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Shipwrecks on Sanctuary Shores: Disturbance and Recovery Along a Rocky Intertidal Exposure Gradient

McConnico, L.A. and M.S. Foster (2005)

Unpublished Final Report, 30 pp.


Recovery rates and processes were assessed along a rocky intertidal height gradient impacted by a shipwreck in Monterey Bay, California. This anthropogenic disturbance, fractured and scoured rock surfaces, was used to determine if recovery rates varied inversely with tidal height due to reduced abiotic stress from reduced exposure to air. Disturbed and control (undisturbed) plots were established in a mid/high intertidal red algal dominated by Endocladia muricata and Mastocarpus papillatus, mid intertidal mussel (Mytilus californianus), and low intertidal surfgrass (Phyllospadix spp.) assemblage. Percent cover of sessile organisms in 0.25 x 0.25-m plots in each of the assemblages was assessed between 1996-1998 and 2001-2002. Recovery rate was measured as the temporal change in the difference in similarity between disturbed and control plots. Ephemeral seaweeds initially colonized all disturbed plots, but were replaced by later successional species within 2-12 months. Contrary to expectation, recovery rate did not vary inversely with tidal height: it was greatest in the high intertidal red algal assemblage, followed by the surfgrass and Mytilus assemblages. The patterns of recovery suggest that assemblages characterized by a few dominant species that recruit rapidly and grow quickly (the red algal assemblage) will recover faster than those dominated by species with variable, episodic recruitment (mussel beds), or those that have limited success with sexual versus vegetative propagation (surfgrass). Life history features may be more important predictors of recovery than stress.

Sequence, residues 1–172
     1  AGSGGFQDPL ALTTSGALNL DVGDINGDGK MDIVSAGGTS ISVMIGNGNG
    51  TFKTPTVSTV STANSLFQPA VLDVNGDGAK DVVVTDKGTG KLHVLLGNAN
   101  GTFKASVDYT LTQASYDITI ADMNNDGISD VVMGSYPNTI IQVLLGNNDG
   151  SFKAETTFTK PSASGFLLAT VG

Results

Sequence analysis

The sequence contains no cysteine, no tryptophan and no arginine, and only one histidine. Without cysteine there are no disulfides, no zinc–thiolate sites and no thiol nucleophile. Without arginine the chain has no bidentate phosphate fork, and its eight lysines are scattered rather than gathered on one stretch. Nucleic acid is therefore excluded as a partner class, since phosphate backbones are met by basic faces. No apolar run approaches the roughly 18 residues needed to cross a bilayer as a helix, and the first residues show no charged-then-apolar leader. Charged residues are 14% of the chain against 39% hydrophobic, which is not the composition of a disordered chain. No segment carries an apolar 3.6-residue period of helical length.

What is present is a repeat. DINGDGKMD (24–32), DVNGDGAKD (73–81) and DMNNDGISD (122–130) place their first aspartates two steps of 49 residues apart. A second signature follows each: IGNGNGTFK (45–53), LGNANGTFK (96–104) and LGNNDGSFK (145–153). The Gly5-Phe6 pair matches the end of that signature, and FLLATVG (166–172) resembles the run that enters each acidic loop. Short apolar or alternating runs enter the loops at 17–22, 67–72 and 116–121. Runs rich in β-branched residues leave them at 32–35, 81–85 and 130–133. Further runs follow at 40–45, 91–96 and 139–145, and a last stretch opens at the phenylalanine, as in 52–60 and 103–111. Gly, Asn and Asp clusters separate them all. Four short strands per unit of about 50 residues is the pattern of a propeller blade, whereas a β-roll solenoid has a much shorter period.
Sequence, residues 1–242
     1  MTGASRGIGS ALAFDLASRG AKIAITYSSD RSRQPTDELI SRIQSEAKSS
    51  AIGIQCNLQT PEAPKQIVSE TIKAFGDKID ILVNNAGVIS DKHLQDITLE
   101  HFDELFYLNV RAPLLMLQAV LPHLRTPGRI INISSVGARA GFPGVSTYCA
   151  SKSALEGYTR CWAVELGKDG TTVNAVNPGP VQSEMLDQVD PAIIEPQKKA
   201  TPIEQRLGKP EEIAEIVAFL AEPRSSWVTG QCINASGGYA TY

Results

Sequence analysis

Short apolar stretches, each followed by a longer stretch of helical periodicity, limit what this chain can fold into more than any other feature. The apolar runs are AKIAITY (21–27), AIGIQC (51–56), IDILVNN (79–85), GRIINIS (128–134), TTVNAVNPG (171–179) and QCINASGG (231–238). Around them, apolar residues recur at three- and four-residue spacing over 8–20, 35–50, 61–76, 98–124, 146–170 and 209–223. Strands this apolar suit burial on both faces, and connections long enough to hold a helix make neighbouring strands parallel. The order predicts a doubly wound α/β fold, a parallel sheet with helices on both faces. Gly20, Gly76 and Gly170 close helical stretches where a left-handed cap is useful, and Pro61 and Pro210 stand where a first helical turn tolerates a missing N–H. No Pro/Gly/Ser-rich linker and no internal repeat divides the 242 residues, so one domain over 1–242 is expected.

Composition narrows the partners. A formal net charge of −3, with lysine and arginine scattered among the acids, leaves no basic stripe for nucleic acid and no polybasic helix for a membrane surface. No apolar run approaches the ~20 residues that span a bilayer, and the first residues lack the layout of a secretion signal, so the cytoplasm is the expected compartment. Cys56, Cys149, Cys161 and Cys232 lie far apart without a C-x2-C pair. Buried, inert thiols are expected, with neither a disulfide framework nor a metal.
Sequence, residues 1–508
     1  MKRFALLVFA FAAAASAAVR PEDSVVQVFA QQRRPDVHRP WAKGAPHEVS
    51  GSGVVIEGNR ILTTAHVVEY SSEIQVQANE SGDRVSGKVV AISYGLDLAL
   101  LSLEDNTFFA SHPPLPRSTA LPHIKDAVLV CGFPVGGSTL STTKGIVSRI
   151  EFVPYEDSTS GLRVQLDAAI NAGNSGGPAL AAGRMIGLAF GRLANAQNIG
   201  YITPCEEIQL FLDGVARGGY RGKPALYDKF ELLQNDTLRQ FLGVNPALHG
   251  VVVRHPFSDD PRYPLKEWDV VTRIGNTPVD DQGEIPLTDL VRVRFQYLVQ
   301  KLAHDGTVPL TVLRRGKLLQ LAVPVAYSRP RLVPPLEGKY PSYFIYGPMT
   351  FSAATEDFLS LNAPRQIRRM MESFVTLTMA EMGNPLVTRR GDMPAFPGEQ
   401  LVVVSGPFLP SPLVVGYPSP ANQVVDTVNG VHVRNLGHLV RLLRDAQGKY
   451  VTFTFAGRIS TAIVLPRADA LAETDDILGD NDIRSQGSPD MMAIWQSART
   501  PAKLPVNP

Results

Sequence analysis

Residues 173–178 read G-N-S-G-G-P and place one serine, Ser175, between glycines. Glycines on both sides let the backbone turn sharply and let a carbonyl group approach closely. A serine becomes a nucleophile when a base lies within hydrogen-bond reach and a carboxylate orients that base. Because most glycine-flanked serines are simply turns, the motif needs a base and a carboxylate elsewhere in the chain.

Reviewed: April 11, 2024
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